Exxon Mobil CEO Rex Tillerson is by all accounts a shrewd, pragmatic and successful dealmaker. In another administration, he might have made an excellent secretary of State.
Serving a president with a strong moral grounding and certain fixed principles, such as Ronald Reagan or George W. Bush, he might have been successful in sanding off the rough edges and making the compromises necessary to get things done. But under Donald Trump, a man of few if any discernible principles beyond a desire for self-aggrandizement, he would be a dangerous choice because his role will be not just to implement policy but — more than most previous secretaries of State — to shape it.
As far as most foreign policy issues go, Tillerson is a tabula rasa. What does he think about the U.S. alliance with Israel? The U.S. policy toward Pakistan? The future of NATO? The North Korean nuclear program? Chinese aggression in the South China Sea? Syria and Iraq, Libya and Yemen? No one knows because he seldom has opined in public about non-energy issues.
To the extent that Tillerson has a track record, it is as an amoral businessman who has never hesitated to work with some of the world's most repressive and corrupt regimes in places such as Equatorial Guinea, Nigeria, Venezuela, Vietnam and of course Russia. Tillerson himself has said that he has "a very close relationship" with former KGB agent Vladimir Putin. He has negotiated multibillion-dollar oil deals with the state-controlled Rosneft oil company run by Putin crony Igor Sechin, another former KGB man, and he lobbied against the imposition of U.S. sanctions on Russia after its invasion of Ukraine in 2014.
It's hard to imagine Putin appointing as his foreign minister someone who received a Medal of Freedom from America's president, yet Tillerson received the Order of Friendship from Putin. Little wonder that pro-Kremlin commentators see his selection as "some kind of Christmas gift from the American people to the Russian people" — or, more properly, from Trump to Putin.
It's quite possible, as contended by former Secretary of Defense Bob Gates and former Secretary of State Condoleezza Rice (whose consultancy counts Exxon Mobil as a client), that Tillerson has no particular love for Putin and simply was doing what was best for his shareholders. But if Tillerson is not in favor of appeasing Russia, he has given no hint of it in the past. And if he is in favor of appeasing Russia, he will find little pushback from Trump, who has defended the Russian strongman from well-founded accusations that he murders his political opponents and meddled in the U.S. election.
Trump's national security advisor, retired Lt. Gen. Michael Flynn, also appears favorably predisposed toward the Kremlin. Last year, he accepted payment to attend a banquet in Moscow for the Kremlin's propaganda television station, RT, where he sat at a table near Putin himself.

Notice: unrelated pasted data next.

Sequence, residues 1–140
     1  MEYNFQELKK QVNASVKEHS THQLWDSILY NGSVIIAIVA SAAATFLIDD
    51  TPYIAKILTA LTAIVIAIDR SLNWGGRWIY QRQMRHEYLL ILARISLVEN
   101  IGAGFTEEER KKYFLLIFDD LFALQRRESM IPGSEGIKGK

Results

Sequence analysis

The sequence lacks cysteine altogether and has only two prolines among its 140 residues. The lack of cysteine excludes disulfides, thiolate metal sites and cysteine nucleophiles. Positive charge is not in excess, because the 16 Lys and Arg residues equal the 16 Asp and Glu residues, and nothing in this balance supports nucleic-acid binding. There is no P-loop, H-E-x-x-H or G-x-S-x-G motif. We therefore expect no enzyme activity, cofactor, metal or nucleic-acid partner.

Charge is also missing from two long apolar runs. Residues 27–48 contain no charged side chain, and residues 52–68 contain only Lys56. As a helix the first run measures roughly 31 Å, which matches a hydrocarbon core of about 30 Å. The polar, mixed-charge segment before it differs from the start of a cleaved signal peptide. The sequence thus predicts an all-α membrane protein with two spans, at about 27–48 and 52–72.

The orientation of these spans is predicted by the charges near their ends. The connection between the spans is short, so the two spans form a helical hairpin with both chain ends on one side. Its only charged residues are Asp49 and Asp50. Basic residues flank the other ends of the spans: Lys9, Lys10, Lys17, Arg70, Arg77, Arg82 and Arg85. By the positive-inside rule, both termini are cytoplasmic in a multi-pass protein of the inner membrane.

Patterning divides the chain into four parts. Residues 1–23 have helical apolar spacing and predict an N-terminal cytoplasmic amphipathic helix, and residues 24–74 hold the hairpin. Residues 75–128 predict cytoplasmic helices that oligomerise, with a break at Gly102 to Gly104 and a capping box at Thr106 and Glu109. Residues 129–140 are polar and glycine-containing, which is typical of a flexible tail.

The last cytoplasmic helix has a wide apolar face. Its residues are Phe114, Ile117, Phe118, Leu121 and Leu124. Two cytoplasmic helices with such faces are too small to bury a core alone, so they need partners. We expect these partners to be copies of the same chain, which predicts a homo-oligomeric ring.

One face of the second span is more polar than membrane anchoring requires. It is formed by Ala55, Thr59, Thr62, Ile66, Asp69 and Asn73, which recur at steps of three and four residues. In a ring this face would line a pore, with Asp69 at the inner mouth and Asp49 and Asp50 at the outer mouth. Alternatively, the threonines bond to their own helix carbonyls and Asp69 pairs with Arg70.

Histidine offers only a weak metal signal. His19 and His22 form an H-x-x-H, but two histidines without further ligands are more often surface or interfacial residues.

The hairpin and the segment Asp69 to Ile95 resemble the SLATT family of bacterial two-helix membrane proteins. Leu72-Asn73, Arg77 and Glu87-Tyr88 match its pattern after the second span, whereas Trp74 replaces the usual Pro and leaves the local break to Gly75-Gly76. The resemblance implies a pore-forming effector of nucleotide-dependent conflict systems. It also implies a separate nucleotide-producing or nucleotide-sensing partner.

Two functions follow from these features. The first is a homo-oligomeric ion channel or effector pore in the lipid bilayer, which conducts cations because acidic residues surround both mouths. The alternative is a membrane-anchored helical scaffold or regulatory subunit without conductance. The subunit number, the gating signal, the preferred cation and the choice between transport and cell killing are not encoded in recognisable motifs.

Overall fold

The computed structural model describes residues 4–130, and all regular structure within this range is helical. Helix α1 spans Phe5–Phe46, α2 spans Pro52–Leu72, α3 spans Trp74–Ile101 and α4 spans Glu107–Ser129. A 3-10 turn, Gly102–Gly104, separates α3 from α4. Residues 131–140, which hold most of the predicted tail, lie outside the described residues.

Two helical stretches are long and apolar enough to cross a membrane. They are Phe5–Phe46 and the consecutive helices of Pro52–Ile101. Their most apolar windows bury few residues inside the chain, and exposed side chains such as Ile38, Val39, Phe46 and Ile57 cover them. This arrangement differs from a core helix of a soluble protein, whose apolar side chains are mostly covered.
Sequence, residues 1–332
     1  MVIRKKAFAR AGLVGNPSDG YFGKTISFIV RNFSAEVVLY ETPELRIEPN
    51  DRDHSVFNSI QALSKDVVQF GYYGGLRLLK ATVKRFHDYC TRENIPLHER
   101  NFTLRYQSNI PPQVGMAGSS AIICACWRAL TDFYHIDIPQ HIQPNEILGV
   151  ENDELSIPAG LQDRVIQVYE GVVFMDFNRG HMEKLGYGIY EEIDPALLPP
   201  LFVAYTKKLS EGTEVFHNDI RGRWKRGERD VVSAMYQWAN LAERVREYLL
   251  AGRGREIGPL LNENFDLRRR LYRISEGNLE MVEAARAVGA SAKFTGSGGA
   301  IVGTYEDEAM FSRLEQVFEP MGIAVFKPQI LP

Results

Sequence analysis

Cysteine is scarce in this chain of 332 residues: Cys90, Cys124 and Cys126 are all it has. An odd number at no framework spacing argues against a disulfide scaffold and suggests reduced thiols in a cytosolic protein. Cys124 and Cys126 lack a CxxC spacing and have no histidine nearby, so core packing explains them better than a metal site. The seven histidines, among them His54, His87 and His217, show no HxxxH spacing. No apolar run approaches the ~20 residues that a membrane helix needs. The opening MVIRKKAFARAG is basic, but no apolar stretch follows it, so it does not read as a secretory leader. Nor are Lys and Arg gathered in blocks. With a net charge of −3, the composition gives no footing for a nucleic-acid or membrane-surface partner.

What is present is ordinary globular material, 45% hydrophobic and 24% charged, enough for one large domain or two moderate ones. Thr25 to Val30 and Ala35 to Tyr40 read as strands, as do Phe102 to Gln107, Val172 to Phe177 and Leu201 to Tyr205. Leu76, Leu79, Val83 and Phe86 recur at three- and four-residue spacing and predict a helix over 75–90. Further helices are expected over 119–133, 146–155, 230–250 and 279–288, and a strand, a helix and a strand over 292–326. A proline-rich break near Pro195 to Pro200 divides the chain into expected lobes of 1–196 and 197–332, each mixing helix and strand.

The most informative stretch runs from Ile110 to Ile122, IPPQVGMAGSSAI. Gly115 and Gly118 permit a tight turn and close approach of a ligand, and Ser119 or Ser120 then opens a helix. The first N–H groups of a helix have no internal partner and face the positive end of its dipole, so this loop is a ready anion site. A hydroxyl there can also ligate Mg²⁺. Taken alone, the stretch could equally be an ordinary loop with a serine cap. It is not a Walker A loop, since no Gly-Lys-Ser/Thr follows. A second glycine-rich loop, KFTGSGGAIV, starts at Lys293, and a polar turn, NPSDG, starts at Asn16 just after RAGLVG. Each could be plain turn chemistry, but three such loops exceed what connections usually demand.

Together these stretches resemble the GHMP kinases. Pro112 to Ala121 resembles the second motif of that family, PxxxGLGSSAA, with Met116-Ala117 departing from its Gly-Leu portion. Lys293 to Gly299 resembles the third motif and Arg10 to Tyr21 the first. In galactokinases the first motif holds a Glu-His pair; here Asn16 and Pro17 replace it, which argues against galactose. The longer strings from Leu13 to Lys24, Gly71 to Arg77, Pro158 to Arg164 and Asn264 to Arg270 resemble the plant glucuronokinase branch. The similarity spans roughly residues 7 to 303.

Both Trump and Flynn seem to view Russia as an ally against Islamist extremism, which they believe is the No. 1 threat to the United States. Trump has even spoken of cooperating with Russia in Syria, where Putin's air force is helping the Assad regime slaughter civilians and moderate rebels in Aleppo.
In reality, the U.S. and Russia do not have congruent interests in Syria or most other places. Putin wants to prop up a pro-Iranian, anti-Israeli strongman; the U.S. goal should be to bring the civil war to an end in such a way that neither Sunni nor Shiite extremists are empowered. More broadly, the U.S. should be containing, rather than enabling, Putin as he attempts to resurrect the Russian empire and to dominate American allies in Eastern Europe.
The new secretary of Defense, retired Marine Gen. James Mattis, undoubtedly understands these realities, as does Marine Gen. Joseph Dunford, the chairman of the Joint Chiefs of Staff, and the new CIA director, Rep. Mike Pompeo of Kansas. They can be expected to argue against a pro-Putin policy, and they might carry the day if they were to have the support of a secretary of State like former presidential candidate Mitt Romney, retired Gen. David Petraeus or retired Adm. James Stavridis, all of whom understand the nature of the Russian threat and the value of alliances such as NATO. But if the Senate confirms Tillerson, U.S. sanctions on Russia likely won't survive the administration's first 100 days — and if they are lifted, Putin will see that as a license for further aggression.
Congress will be able to do little if President Trump pursues a pro-Putin policy, but by rejecting Tillerson now, lawmakers can at least signal that not all Americans are ready to kneel before the Russian strongman.
Max Boot is a senior fellow at the Council on Foreign Relations. He is a contributing writer to Opinion.